An alternative is to vacuum the mold (this should also be done outdoors), but DO NOT VACUUM THE ITEM DIRECTLY, since the suction can easily damage fragile materials. Instead, brush the powdery mold off into the vacuum nozzle. You may want to put a piece of cheesecloth over the nozzle as a precaution. Get a special filtration vacuum if possible, such as those used in computer rooms. Otherwise, be careful where you use the vacuum, since a normal vacuum will simply exhaust the mold spores out the back.
Many people are allergic to mold spores. Repeated exposure or exposure to high levels of the spores can cause allergies in people who previously were not sensitive to molds. Some molds are toxic. If you have any reason to believe that you are sensitive to molds or have other health problems which may be made worse by mold exposure, talk to your doctor before trying to clean moldy objects.
There are methods of protecting yourself when working with moldy objects. The best way is to brush spores outside or into a ventilation system while wearing protective equipment. Thin surgical or vinyl gloves will protect your hands (and also protect the object from skin oils). Wearing a dust mask will keep spores out of your respiratory system.
If you have heart or breathing problems which may be made worse by the stress of breathing through a mask, check first with your doctor. Some doctors also do not want pregnant women to wear dust masks or respirators.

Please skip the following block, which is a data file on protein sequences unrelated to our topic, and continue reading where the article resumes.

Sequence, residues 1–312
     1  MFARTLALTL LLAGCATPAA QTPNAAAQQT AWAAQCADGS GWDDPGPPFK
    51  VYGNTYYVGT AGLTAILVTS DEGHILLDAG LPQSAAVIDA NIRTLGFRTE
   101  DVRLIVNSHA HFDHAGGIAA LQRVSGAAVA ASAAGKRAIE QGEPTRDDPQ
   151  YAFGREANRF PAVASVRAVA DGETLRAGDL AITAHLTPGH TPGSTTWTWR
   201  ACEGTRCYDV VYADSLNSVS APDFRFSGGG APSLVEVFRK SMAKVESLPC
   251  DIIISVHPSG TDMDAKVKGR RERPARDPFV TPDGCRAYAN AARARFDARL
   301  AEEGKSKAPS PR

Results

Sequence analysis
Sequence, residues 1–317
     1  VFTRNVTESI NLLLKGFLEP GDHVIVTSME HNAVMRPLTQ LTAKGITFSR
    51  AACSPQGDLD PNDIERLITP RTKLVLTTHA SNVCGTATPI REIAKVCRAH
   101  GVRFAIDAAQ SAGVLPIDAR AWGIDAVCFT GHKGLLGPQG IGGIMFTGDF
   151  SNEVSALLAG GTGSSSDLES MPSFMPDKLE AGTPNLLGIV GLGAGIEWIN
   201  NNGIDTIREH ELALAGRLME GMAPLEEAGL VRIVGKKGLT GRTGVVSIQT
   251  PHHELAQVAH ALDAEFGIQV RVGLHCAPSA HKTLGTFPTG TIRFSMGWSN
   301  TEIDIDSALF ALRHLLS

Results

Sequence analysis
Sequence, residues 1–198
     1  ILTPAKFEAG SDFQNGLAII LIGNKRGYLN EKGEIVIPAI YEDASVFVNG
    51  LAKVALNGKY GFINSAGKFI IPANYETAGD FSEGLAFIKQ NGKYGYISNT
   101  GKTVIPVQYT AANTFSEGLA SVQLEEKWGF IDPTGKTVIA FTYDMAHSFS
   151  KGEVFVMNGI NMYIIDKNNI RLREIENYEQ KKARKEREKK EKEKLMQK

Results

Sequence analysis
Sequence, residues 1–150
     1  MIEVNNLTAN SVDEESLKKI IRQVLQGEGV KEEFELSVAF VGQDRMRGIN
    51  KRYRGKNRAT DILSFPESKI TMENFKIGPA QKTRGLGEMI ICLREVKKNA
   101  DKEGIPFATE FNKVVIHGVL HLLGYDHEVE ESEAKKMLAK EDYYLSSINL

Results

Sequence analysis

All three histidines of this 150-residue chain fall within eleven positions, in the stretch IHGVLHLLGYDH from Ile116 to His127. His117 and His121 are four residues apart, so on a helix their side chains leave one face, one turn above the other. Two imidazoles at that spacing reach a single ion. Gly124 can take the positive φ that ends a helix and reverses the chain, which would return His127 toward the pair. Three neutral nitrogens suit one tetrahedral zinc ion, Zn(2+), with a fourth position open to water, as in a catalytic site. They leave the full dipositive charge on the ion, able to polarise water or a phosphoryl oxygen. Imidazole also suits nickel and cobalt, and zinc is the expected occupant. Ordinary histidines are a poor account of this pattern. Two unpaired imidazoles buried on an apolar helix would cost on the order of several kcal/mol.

Drug and hardware stores sell pollen dust masks which may be adequate for light work. For heavier work use masks designed for toxic dusts. These masks will be labeled "NIOSH-approved for toxic dusts." These are available from industrial safety suppliers. Two large suppliers are Aldrich Safety Products (1-800558-9160) and Lab Safety Supply (1-800-3560783).
Whether for pollens or for toxic dusts, masks will protect wearers only if they truly fit the face and have good skin contact all around the nose and mouth area. People with facial hair, very small faces, unusual facial shape, scars, or any other reason why the mask will not conform to the face will not be protected.
Remember that even after materials have been dried and superficially cleaned, you may have mold stains. Unfortunately there is very little that you can do about these, although a conservator may be able to lighten them. You should consult a professional conservator if an item needs further treatment after its condition has been stabilized. If you have questions about the information in this handout, or about treatment after its condition has been stabilized. If you have questions about the information in this handout, or about treatment of individual items, please call Northeast Document Conservation Center at (508) 470-1010 for further assistance.
Comments pertaining to health risks and respirator use were contributed by Monona Rossol, Arts, Crafts and Theater Safety, 181 Thompson St., #23, New York, NY 10012-2586.